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Goal #1 – Facilitate community forums

  • Objective – host open dialogue events with community members and criminal justice professionals
  • Objective – open dialogue events will focus on justice related topics identified by the justice institute advisory board and community members

Goal #2 – Facilitate justice system trainings

  • Objective – identify training needs of criminal justice professionals
  • Objective – schedule training based on the identified needs

Goal #3 – Challenge and correct misinformation and falsehoods in the news and social media realms

  • Objective – the Yavapai College Justice Institute will speak fact to fiction upon appropriate and complete research of the apparent false media report or social media post
  • Objective – invite open debate on those justice system topics which continue to be presented negatively in the community

With the significant activity and usage of social media in our world today, incidents involving the police and the criminal justice system in general today are quickly judged, analyzed and critiqued by individuals from all over. What is so unfortunate is that facts become lost in fiction as the social media world spread the opinions of those posting and sharing their thoughts of what occurred and why.

This has taken a negative turn towards the justice system. Since the death of Michael Brown in Ferguson Missouri, law enforcement officers from all the various agencies in the country have been demonized by many as racist, abusive killers.

With the killing of George Floyd, a defund the police movement emerged with many calling for the absolute elimination of law enforcement in our nation.

The Yavapai College Justice Institute has been created to take on these national narratives in a way that speaks fact to fiction. By hosting and facilitating open honest community conversations with the leadership of the criminal justice community, trust and respect can be built as understanding of system responses as well as ways the system can improve are brought forth.

Our communities need a professional criminal justice system in place to serve and protect all. The criminal justice system needs a community that supports, trusts and respects the day to day work the system does. However, respect has to be earned. The system must hear from the community and respond to them when questioned with factual, open and honest information, even when mistakes are made.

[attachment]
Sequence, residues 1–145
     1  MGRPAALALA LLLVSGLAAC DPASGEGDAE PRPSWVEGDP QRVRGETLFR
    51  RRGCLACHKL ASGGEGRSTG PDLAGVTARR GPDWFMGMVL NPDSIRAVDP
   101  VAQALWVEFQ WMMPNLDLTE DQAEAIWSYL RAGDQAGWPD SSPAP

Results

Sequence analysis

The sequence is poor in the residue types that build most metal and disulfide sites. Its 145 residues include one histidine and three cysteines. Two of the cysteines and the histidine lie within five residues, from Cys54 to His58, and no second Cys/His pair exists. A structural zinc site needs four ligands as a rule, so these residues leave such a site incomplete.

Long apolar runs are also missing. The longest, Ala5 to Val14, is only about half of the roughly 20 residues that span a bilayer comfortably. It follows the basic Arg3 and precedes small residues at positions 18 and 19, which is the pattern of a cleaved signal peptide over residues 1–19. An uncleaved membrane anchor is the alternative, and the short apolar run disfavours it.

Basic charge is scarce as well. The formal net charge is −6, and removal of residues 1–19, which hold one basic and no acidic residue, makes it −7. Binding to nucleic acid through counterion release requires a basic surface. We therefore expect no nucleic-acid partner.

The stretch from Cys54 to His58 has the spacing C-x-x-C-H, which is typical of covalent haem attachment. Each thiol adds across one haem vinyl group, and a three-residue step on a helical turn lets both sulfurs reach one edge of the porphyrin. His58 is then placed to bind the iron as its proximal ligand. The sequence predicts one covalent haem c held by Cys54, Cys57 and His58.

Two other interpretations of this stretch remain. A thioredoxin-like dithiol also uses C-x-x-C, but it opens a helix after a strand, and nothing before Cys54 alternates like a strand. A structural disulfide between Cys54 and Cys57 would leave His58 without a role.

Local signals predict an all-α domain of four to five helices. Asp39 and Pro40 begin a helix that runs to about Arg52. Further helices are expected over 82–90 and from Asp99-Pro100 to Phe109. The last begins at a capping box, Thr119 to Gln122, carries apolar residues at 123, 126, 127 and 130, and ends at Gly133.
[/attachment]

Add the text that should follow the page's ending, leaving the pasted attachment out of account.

• Chief Jerald Monahan (Ret.) Yavapai College Campus Safety Department
  • Program Director – Administration of Justice Studies
  • Director – Yavapai College Justice Institute
  • Jerald.monahan@yc.edu

Dr. Brandelyn AndresAndres

As an art historian, Dr. Brandelyn Andres has spent the past sixteen years teaching about art, writing about art, studying art, making artwork of her own, and working in gallery administration. She is endlessly fascinated by the ways in which art can speak to common human experiences and histories, an enduring testament to the connectivity and community between people across time, space, and culture. This viewpoint informs her work as Chair of the Yavapai College Respect Campaign and Faculty Representative on the Yavapai College Justice Institute Advisory Board.

Chief Amy Bonneyamy.jpg

Amy Bonney is proud to serve as the Chief of Police at the Prescott Police Department in Prescott, Arizona. Amy holds a Bachelors of Science from Northern Arizona University in Criminal Justice and a Master of Public Administration degree from the University of Phoenix. Amy is a proud graduate of the FBI National Academy, 257th Session, and serves as the President for the State of Arizona chapter of the FBI National Academy Associates.

She has served with the Prescott Police Department for over 23 years and has enjoyed many assignments including Field Training Officer, Recruit Training Officer, Bicycle Patrol and certified crisis negotiator with the Special Weapons and Tactics Team. Chief Bonney has received many awards including Sworn Officer of the Year, Supervisor of the Year, Community Service Commendations and the Medal of Valor. She enjoys training in many capacities and helping others learn about the art and science of developing their leadership skills and the skills of their teams. She is driven to help organizations and individuals create strong and manageable performance management goals to help create capacity for robust employee development, engagement, growth, and personal and professional job satisfaction. Amy is also an adjunct faculty member at Yavapai College.

Amy is the proud mom of a 12-year-old daughter and is most proud of her family and friends. Amy is active in many civic organizations and is a member of the Kiwanis Club of Prescott, a member of Prescott Women Who Care, and a mentor with the Arizona Leadership Education and Development Program through the FBI National Academy Associates of Arizona. Amy sits on the State of Arizona Board of Directors for the Arizona Special Olympics Torch Run, and was recently appointed to the Arizona Fallen Officers Memorial Board of Directors by Governor Doug Ducey. Amy is passionate about music and plays in several ensembles within her church, American Lutheran. She is an avid Crossfit athlete, loves animals, reading, travel and all things Disney.